Two days after the JAMA article was published, NYT columnist David Brooks published a column decrying teachers unions and insisting that schools reopen, citing financial concerns for students in the future and current mental health problems. He pointed out that typically, white students have had greater access to in-person learning than black and brown students, going on to say: “I guess I would ask you, do Black lives matter to you only when they serve your political purpose? If not, shouldn’t we all be marching to get Black and brown children back safely into schools right now?”
The response was swift, with many pointing out that the pandemic has disproportionately affected black and brown communities in terms of infection and death rates, and that they are more likely to live in underfunded communities where it might be a lot harder to keep students and staff safe. and that teachers maybe shouldn’t be blamed for not wanting to go back to work when there is still uncontrolled spread across the country. This Twitter thread sums up a lot of the backlash.
Indeed, even if schools do open up, as we talked about in our January 17 issue, we’re still having a lot of problems tracking cases. There still isn’t a federal dataset; however, there is reason to hope that we’ll get some better federal data soon after Biden included a call for data to inform safe K-12 school reopening and data on the pandemic’s impact on teachers and students in his executive order on school reopening. (See the CDD’s K-12 school data annotations here.)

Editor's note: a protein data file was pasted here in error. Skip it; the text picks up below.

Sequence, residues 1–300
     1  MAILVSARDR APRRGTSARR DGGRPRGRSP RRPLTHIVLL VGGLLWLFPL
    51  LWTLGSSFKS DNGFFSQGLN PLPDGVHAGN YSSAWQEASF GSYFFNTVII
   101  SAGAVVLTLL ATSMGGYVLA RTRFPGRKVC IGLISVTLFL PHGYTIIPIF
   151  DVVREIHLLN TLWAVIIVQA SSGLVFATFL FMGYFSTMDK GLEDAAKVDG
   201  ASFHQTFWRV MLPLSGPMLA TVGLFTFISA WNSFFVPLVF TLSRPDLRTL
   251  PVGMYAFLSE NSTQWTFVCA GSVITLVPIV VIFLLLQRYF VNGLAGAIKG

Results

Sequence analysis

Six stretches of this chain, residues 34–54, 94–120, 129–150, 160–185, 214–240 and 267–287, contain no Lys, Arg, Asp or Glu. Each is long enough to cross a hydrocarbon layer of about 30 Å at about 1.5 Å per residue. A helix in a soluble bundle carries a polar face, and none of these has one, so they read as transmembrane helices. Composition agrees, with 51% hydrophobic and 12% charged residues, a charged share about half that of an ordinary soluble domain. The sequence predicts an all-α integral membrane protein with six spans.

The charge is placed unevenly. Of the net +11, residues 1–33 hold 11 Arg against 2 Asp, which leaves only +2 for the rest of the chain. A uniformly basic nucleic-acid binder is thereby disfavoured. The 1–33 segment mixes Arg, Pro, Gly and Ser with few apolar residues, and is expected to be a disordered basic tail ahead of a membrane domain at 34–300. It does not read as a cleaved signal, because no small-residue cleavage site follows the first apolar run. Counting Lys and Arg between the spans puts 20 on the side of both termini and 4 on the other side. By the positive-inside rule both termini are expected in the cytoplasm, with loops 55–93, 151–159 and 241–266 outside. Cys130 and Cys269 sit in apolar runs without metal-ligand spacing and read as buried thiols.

We do know that black and brown children have been disproportionately affected by the pandemic; Hispanic/Latino and Black children account for 38.2% of cases in their age group while Hispanic/Latino and Black people account for only 31.4% of Americans. If schools do reopen in person, it’s clear that actions need to be taken to address structural inequity that would prevent them from doing so safely.
- Sources and updates, June 12Sources and updates for the week of June 12 include Long COVID deaths, ventilation in schools, Moderna’s latest vaccine, and more.
- COVID-19 in schools data: still bad!In addition to the FiveThirtyEight story, I also had an article come out this week in The Grade, Alexander Russo’s column at KappanOnline. This piece takes a deep dive into Burbio, the company that has become a leading source for data on how COVID-19 impacted K-12 schools across the U.S—in the absence of comprehensive data on this topic from the federal government.
- Sources and updates, March 13Sources and updates for the week of March 13 include vaccine data annotations, free rapid tests, a combination of Delta and Omicron, and more.
- Why Utah’s innovative school COVID-19 testing program failedMy latest story with the Documenting COVID-19 project is an investigation into Utah’s school COVID-19 testing program, in collaboration with the Salt Lake Tribune. We investigated with a once-innovative program failed in fall 2021.